“Jonah, I beseech thee…”

The prophet Jonah is often described as the “runaway prophet”. God called Jonah to preach a message to the city of Nineveh, but instead Jonah transversed across the known world in order to get away from the calling on his life. The book of Jonah ends in a poetic and inspiring manner:

Jonah preaches to Nineveh (3:3); Nineveh repents of its wickedness (3:5); Jonah becomes angry and upset with God because he did precisely what Jonah thought he would do by sparing the city (4:1): Jonah becomes suicidal, telling God “[he] is angry to the point of death…[saying] it is better to die than to live…” (4:8); then concluding with God’s thoughts on the whole matter, “And should I not spare Nineveh, that great city, wherein are more than six score thousand persons that cannot discern between their right hand and their left hand; and also as much cattle?” (4:11).

How often have you come across a situation like Jonah’s? Has God called you to a great task? Perhaps God is calling you to repentance? Is not God calling you to repentance…?

I have dealt exhaustingly on the subject of “calling” and “career”. It is a subject of unbelief for many, just like it was with Jonah. Jonah indeed had a grand calling, but he allowed his unbelief to detour him from such a calling. Often times, it appears unbelief causes many to shy away from the amazing calling God has placed in our hearts. The Bible says, “God has placed eternity into the hearts of men” (Ecclesiastes 3:11) so are you fulfilling that eternal call? What are you doing (or not doing) that is in regards to that eternal call?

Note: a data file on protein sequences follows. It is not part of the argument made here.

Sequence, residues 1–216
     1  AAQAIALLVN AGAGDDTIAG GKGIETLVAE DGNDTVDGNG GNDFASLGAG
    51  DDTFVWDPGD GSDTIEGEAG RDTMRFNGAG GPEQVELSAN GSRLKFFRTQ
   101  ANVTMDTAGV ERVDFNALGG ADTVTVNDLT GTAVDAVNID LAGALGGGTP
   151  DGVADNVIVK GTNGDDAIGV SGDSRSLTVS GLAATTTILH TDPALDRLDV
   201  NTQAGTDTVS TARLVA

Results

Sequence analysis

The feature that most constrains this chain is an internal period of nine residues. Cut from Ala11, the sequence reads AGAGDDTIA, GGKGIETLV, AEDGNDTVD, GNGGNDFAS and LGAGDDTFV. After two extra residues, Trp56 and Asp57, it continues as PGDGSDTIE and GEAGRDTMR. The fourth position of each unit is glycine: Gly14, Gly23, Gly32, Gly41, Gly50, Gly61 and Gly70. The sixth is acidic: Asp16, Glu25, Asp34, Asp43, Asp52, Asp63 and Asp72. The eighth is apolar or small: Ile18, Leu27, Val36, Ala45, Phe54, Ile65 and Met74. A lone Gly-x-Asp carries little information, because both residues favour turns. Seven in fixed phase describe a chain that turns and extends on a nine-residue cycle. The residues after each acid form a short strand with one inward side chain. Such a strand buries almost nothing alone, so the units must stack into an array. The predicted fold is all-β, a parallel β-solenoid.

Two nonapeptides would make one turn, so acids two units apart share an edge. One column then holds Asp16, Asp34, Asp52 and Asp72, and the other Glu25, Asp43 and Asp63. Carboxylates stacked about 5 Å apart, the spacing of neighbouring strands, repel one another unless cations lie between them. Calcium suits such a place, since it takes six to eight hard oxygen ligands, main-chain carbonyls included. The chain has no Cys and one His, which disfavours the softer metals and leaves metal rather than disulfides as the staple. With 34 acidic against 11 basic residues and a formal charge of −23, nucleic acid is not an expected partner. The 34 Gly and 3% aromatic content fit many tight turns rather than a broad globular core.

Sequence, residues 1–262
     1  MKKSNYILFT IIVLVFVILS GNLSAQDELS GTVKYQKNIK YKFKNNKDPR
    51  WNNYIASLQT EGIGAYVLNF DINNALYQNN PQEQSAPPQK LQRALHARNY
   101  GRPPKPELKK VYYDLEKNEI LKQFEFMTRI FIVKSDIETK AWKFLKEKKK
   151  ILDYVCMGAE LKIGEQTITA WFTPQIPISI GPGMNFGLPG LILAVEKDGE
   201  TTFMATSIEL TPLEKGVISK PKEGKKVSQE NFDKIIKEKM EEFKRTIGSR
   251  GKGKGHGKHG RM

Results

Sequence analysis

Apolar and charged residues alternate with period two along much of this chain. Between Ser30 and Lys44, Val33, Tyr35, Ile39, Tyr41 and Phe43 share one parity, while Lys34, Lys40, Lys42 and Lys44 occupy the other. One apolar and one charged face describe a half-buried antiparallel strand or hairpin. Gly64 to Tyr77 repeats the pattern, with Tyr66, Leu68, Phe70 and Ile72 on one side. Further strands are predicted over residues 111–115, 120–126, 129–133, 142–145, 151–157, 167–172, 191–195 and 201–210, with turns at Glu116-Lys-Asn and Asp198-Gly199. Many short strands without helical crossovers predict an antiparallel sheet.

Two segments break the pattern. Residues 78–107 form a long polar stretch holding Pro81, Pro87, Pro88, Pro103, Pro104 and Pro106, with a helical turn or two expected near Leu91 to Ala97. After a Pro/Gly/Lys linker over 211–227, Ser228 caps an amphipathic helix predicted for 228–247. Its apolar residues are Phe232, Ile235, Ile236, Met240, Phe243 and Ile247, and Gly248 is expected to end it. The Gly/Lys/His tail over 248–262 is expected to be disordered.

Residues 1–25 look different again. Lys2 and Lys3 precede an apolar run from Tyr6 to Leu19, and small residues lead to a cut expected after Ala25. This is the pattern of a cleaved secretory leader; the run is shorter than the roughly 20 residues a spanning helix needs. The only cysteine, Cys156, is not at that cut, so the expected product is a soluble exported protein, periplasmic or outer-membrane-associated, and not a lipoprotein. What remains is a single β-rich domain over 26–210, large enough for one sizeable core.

Just as the “runaway prophet” struggled to obey God in a grand matter, so do we often disobey God in our grand matters! If we do disobey God in such grand callings, how much more do we disobey God in the smaller callings?

The answer I believe is illustrated by an account of the great preacher Charles Haddon Spurgeon. Spurgeon is said to have most sincerely come to the point of conversion when he was fifteen years old because of a simple message in Isaiah 45:

Look to the Lord and be saved

The Gospel, my friends, is not complicated but it is indeed a narrow passage due to the resistance of the natural man’s heart. All we must do is simply look to Christ, confess, believe, and be saved.


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